New York District
 Serving the Children of the World ™

Main Page

2017-18 Year




Kamp Kiwanis

Kiwanis International

Pediatric Lyme Disease
By DPG John Gridley


This year is predicted to be a particularly bad one for ticks and tick-borne diseases, whether you're vacationing upstate or just going for a walk in Central Park.
June and July are especially dangerous, since ticks in the second stages of their life cycle cause the most cases of Lyme disease.
Here are some ways to protect yourself from ticks. Avoid shady, wooded and brushy areas with high grass and leaf litter. Repellent with DEET is the most effective way to repel ticks, but those with picaridin or IR3535 work too, says Richard Ostfeld, Ph.D, a disease ecologist with the Cary Institute in Hudson Valley.
To get rid of a tick use fine-tipped tweezers to grasp the tick as close to the skin's surface as possible; slowly pull out in an upward motion; and then wash the area with rubbing alcohol. See your doctor immediately if you experience flu-like symptoms such as fever, headache, lethargy and body aches. You should also know that repellents don't actually kill ticks, so the best way to protect yourself and your children from tick bites is to spray clothing - especially shoes and socks, which baby ticks love to latch onto - with permethrin. Though the ticks may still find you, they'll die before they have a chance to infect you. According to the CDC natural repellents include essential oils from rosemary, lemongrass, thyme and nootkatone. The EPA hasn't registered them as repellents but some studies have shown that they do keep ticks away.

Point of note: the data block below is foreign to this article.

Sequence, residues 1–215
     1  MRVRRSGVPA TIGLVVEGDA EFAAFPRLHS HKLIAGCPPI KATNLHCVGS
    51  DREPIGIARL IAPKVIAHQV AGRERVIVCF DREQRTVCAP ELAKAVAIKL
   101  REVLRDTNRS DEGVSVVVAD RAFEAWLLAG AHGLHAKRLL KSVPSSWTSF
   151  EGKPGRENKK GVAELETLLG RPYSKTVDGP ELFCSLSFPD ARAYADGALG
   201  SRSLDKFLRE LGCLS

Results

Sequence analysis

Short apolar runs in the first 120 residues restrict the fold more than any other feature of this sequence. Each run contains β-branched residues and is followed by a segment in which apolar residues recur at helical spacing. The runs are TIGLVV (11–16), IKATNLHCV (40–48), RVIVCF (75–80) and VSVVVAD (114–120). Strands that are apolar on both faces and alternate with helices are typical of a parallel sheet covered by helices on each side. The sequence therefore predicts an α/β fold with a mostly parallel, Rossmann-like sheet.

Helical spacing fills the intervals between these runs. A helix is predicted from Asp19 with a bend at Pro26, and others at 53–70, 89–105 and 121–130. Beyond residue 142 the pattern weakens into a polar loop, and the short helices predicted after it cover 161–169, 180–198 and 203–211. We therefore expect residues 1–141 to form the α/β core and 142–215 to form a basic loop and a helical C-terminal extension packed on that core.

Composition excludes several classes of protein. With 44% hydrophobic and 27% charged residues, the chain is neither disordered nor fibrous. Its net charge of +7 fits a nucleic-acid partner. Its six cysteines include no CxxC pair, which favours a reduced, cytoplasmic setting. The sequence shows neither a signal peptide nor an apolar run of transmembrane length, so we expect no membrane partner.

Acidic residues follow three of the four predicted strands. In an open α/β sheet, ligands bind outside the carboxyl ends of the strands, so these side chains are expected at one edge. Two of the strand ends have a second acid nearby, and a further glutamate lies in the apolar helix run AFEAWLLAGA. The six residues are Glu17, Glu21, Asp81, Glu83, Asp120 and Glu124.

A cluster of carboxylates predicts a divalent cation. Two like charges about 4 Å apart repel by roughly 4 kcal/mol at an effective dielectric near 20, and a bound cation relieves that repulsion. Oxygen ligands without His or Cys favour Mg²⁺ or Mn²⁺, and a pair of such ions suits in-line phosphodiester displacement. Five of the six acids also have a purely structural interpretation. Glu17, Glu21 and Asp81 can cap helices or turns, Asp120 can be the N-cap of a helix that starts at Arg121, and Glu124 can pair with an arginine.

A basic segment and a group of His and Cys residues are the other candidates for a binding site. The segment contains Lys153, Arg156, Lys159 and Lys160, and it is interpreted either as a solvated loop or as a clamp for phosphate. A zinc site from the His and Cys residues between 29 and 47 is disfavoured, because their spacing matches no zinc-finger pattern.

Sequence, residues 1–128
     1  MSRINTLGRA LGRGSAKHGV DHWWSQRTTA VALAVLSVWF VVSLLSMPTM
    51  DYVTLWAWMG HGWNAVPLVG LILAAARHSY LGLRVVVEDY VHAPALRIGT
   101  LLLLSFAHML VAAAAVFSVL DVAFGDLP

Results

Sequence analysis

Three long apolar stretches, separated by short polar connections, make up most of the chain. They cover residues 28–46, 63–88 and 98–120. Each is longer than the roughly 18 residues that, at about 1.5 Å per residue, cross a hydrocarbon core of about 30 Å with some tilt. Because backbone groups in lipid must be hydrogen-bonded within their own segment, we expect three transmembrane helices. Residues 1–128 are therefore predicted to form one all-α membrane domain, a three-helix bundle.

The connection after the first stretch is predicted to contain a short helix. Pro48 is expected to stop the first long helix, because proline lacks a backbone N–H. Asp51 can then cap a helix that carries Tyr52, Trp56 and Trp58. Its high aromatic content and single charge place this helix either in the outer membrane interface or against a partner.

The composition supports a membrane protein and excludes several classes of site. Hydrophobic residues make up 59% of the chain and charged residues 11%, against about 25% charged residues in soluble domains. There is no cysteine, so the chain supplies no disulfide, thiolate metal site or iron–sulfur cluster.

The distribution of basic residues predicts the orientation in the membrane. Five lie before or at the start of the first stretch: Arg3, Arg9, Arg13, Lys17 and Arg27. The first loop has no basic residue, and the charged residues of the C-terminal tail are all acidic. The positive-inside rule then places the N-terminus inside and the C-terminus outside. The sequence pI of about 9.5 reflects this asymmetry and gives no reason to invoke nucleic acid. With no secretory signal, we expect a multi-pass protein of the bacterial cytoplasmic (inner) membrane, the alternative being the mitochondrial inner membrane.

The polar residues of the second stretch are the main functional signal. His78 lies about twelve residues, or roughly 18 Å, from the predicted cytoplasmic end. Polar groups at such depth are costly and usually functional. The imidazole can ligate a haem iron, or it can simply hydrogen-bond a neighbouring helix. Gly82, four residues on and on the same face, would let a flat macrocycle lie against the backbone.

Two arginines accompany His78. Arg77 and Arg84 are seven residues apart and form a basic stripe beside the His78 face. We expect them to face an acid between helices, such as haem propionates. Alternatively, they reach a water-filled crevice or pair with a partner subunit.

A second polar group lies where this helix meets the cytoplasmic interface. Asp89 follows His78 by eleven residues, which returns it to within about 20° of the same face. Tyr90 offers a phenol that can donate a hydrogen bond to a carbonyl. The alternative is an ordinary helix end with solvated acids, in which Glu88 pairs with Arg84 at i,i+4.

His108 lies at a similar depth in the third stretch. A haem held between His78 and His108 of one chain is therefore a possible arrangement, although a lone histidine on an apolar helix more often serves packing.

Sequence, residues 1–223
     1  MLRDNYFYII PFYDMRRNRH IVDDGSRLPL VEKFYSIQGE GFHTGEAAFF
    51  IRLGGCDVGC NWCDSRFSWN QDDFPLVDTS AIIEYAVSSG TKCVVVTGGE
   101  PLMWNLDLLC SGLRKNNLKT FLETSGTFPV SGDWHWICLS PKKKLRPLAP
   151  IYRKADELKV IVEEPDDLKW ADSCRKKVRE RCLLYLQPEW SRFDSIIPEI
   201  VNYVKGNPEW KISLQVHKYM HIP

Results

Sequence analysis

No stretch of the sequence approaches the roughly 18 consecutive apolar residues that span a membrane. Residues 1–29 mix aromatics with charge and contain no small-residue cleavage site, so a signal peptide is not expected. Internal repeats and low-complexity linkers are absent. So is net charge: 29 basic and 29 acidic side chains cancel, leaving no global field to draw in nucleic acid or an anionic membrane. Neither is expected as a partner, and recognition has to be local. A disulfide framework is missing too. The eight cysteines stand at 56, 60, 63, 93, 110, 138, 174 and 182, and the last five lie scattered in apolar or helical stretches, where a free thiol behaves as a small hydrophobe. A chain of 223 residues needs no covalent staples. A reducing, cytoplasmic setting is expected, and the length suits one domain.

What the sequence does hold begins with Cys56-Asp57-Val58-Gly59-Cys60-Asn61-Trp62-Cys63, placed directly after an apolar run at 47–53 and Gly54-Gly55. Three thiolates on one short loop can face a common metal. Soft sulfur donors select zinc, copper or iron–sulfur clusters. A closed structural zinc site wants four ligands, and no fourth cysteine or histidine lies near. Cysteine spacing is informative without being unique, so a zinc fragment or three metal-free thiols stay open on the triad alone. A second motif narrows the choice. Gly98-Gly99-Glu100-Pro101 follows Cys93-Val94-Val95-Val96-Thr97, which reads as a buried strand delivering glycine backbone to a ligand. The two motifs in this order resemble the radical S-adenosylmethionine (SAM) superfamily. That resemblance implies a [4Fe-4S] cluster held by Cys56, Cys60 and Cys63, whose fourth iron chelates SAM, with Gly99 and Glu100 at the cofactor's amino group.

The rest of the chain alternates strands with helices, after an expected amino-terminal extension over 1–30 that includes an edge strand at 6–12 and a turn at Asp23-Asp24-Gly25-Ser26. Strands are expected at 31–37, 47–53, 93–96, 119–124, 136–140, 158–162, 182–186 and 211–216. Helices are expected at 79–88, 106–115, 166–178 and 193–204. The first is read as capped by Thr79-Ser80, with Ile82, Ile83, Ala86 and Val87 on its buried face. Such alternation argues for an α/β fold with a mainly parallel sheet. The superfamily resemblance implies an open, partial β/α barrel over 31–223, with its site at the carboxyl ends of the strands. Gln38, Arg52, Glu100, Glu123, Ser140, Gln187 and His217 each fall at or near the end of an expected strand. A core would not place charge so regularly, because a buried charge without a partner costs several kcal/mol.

So if you or your child or grandchild get bit by a tick go directly to you doctor, hopefully a LLD doctor and demand a blood test and to be put on antibiotics. Do not wait for the blood test results, start the antibiotics immediately. Remember that precaution is the best remedy.                       

Column Posted on Web Site August 1, 2017

Access More Columns